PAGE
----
Water crisis in Basra hospitalises top Iraqi football team

Water crisis in Basra hospitalises top Iraqi football team
2 min read
17 September, 2018
The water crisis in oil-rich Basra province has put 60,000 people in hospital since mid-August, according to the provincial council for human rights.
Baghdad's Al-Hussein travelled 600 kilometres south to play Naft Al-Junoob in Iraq's Premier League. [Getty]

A top Iraqi football team from Baghdad is unable to kick off the new season after its players became the latest victims of a health crisis in the southern city of Basra.

The Al-Hussein team travelled 600 kilometres south to play Naft Al-Junoob in the Iraqi Premier League, but at least ten players and two senior management staff were reportedly hospitalised by polluted water.

The visiting club had taken precautions ahead of Monday's fixture, administrative manager Fadhel Zaghir told AFP - but to little avail.

"We brought a lot of mineral water with us from Baghdad but it seems the water used by the players to wash themselves and their clothes was polluted," he said.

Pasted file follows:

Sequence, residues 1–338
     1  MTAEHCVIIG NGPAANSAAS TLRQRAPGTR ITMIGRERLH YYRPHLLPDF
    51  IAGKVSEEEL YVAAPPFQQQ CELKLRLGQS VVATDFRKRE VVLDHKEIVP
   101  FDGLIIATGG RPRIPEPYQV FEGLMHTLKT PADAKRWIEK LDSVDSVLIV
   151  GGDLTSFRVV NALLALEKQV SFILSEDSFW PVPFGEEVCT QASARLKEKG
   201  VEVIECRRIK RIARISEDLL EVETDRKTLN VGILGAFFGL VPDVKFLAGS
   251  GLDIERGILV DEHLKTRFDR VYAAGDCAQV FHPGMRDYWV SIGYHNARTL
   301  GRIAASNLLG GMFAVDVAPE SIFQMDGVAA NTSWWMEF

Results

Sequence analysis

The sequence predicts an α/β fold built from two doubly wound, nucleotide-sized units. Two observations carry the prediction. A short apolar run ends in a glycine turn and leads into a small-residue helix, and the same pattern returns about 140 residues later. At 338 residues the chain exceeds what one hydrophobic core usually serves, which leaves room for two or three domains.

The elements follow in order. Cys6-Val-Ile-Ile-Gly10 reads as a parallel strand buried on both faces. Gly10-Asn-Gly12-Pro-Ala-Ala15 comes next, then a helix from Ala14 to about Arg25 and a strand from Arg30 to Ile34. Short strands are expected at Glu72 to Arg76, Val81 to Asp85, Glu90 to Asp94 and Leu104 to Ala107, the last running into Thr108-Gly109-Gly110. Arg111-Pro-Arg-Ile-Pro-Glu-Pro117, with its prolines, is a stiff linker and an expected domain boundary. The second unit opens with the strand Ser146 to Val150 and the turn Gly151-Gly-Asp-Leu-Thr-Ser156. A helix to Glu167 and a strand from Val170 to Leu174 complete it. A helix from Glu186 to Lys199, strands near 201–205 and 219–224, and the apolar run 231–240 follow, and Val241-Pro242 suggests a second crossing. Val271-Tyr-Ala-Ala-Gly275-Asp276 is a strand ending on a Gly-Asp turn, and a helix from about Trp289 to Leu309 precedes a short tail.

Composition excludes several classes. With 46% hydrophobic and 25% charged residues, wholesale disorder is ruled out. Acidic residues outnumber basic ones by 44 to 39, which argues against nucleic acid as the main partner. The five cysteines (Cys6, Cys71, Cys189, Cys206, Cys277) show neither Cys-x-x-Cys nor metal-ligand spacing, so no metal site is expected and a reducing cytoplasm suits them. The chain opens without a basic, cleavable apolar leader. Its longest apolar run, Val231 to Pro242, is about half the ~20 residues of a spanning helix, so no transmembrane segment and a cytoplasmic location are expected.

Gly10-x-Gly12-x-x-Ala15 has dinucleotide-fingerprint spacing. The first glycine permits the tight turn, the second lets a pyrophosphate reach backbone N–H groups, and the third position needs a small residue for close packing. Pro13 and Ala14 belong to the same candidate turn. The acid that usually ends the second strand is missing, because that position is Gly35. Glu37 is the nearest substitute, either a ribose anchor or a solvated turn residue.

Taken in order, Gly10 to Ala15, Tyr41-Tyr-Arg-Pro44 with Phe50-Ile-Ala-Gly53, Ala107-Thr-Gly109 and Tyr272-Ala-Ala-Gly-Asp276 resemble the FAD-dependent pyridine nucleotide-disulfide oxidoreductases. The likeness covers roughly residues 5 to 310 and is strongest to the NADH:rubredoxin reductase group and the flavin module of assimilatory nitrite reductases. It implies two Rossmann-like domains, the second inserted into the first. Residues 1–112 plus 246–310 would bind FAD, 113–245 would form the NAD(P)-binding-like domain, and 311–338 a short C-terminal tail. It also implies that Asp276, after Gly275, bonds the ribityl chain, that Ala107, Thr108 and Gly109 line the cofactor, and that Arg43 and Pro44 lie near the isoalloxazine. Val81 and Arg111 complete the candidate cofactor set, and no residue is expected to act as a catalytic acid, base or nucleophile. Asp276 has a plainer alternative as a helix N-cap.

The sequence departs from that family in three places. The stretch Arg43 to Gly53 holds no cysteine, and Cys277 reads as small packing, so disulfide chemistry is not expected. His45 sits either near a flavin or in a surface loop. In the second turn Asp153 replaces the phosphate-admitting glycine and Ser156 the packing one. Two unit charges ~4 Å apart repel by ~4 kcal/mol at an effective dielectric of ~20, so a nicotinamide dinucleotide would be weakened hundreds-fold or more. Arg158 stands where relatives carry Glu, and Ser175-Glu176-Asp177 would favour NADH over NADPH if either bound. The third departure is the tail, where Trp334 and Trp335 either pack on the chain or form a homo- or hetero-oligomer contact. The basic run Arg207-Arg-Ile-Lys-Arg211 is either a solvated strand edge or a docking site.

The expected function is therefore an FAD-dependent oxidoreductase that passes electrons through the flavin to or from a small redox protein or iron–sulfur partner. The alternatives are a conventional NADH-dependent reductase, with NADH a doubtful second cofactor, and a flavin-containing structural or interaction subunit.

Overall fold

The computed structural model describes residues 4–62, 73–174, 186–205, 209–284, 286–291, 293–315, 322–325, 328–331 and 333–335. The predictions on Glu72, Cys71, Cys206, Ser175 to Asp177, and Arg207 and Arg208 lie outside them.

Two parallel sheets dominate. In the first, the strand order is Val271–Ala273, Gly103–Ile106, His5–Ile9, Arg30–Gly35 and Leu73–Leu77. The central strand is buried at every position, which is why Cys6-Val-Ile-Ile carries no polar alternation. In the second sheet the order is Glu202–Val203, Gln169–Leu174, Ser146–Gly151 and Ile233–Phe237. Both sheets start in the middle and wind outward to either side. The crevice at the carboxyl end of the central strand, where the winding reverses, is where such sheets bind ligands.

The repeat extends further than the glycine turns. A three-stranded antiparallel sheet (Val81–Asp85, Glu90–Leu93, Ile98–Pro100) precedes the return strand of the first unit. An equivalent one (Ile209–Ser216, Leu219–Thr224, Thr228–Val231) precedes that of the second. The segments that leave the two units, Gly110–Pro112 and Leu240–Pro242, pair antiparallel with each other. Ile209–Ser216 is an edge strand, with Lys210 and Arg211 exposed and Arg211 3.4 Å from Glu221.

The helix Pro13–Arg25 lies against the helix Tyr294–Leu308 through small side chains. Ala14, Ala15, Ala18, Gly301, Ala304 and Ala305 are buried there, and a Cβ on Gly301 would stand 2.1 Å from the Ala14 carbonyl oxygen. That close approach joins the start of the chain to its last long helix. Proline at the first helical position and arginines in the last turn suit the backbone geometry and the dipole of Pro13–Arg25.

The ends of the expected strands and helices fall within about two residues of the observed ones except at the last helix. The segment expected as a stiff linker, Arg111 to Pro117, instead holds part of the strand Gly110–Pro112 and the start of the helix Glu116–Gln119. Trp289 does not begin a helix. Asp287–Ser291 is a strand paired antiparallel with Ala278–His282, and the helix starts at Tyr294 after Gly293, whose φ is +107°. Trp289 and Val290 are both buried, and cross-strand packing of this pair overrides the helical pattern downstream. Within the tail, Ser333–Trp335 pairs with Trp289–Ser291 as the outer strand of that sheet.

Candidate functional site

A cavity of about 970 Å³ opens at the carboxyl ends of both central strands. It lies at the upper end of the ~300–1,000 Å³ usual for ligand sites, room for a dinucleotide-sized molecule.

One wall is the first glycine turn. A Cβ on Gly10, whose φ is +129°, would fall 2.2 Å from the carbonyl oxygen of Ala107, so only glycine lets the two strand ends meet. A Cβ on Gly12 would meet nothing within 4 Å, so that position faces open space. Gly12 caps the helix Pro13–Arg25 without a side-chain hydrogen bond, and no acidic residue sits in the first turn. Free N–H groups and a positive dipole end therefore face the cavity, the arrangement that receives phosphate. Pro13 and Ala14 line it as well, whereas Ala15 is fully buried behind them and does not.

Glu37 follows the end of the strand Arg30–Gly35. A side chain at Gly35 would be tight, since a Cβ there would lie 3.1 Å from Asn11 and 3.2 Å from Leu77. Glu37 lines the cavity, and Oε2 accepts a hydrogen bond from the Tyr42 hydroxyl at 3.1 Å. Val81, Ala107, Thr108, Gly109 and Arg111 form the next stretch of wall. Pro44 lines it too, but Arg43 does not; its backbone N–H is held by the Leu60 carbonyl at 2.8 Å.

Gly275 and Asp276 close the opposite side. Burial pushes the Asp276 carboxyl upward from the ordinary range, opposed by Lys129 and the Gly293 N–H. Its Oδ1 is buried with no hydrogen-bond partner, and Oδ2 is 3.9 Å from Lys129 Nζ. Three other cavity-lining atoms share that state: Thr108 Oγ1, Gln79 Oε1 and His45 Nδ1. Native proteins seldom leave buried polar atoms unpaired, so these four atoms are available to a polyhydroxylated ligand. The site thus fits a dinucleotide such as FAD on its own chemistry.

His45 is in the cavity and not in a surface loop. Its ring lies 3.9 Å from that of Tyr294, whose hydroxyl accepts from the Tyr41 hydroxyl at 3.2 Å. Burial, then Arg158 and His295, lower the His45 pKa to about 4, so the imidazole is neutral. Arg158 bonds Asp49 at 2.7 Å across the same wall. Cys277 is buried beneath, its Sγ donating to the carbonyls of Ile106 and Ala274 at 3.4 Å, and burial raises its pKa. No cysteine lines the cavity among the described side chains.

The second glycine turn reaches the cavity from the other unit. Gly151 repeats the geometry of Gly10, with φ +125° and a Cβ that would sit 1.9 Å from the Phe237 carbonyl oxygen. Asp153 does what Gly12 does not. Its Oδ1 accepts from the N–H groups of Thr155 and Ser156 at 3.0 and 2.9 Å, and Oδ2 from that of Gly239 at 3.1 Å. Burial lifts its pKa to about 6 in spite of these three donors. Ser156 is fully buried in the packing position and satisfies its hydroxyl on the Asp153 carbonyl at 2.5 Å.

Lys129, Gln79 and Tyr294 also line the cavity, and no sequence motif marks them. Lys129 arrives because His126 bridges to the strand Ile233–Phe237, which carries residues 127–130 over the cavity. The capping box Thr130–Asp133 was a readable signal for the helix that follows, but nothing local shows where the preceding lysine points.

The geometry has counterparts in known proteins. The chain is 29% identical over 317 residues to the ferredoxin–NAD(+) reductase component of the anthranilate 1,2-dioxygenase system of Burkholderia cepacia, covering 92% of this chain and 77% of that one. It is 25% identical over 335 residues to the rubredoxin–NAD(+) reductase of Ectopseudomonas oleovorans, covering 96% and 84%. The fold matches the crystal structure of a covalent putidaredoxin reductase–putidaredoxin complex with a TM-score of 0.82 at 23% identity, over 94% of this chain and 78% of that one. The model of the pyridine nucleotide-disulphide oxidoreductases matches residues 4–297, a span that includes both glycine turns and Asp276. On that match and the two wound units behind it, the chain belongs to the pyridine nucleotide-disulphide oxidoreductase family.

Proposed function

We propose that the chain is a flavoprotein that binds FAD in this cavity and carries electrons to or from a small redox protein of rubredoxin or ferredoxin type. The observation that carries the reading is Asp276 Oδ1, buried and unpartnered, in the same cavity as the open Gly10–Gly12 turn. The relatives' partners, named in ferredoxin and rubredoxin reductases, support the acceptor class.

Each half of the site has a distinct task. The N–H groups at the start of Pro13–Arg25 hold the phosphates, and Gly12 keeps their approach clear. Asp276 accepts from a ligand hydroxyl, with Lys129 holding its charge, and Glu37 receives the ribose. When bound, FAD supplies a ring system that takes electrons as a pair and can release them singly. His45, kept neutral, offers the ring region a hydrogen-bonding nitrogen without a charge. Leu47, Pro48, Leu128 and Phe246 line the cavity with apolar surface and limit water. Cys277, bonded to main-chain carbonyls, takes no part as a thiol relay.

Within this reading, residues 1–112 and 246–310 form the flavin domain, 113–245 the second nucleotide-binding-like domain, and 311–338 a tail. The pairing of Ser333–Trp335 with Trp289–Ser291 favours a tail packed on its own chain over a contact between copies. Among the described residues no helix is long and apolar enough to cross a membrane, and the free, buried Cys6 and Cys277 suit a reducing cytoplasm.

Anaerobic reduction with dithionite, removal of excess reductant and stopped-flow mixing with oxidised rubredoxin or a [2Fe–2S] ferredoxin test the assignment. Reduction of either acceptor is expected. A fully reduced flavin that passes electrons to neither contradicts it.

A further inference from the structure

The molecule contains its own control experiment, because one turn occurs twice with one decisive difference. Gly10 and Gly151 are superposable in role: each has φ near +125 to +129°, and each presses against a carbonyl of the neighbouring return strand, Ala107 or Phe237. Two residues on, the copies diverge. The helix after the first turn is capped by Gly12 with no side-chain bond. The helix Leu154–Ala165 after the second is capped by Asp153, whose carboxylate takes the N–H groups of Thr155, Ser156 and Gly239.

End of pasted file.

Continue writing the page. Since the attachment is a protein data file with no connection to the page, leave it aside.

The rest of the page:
"With ten players and two members of the management team spending the night in hospital... (we negotiated) a postponement of the match with Naft Al-Junoob" after agreement from the Iraq Football Association, he said.

The Al-Hussein team remains in Basra, because the players are too unwell to travel back to Baghdad.

No new date has been set for the fixture.

The water crisis in oil-rich Basra province has put 60,000 people in hospital since mid-August, according to the provincial council for human rights.

The pollution sparked angry protests in Basra earlier this month against poor public services.

Twelve protesters were killed amid several nights of violence, which saw public institutions and the Iranian consulate torched in Basra City.

The crisis has had major ramifications in Baghdad, undermining the power base of Prime Minister Haider al-Abadi.

Abadi said last week said he would not seek to head a new government, as negotiations over the next administration drag on, some four months after national elections.

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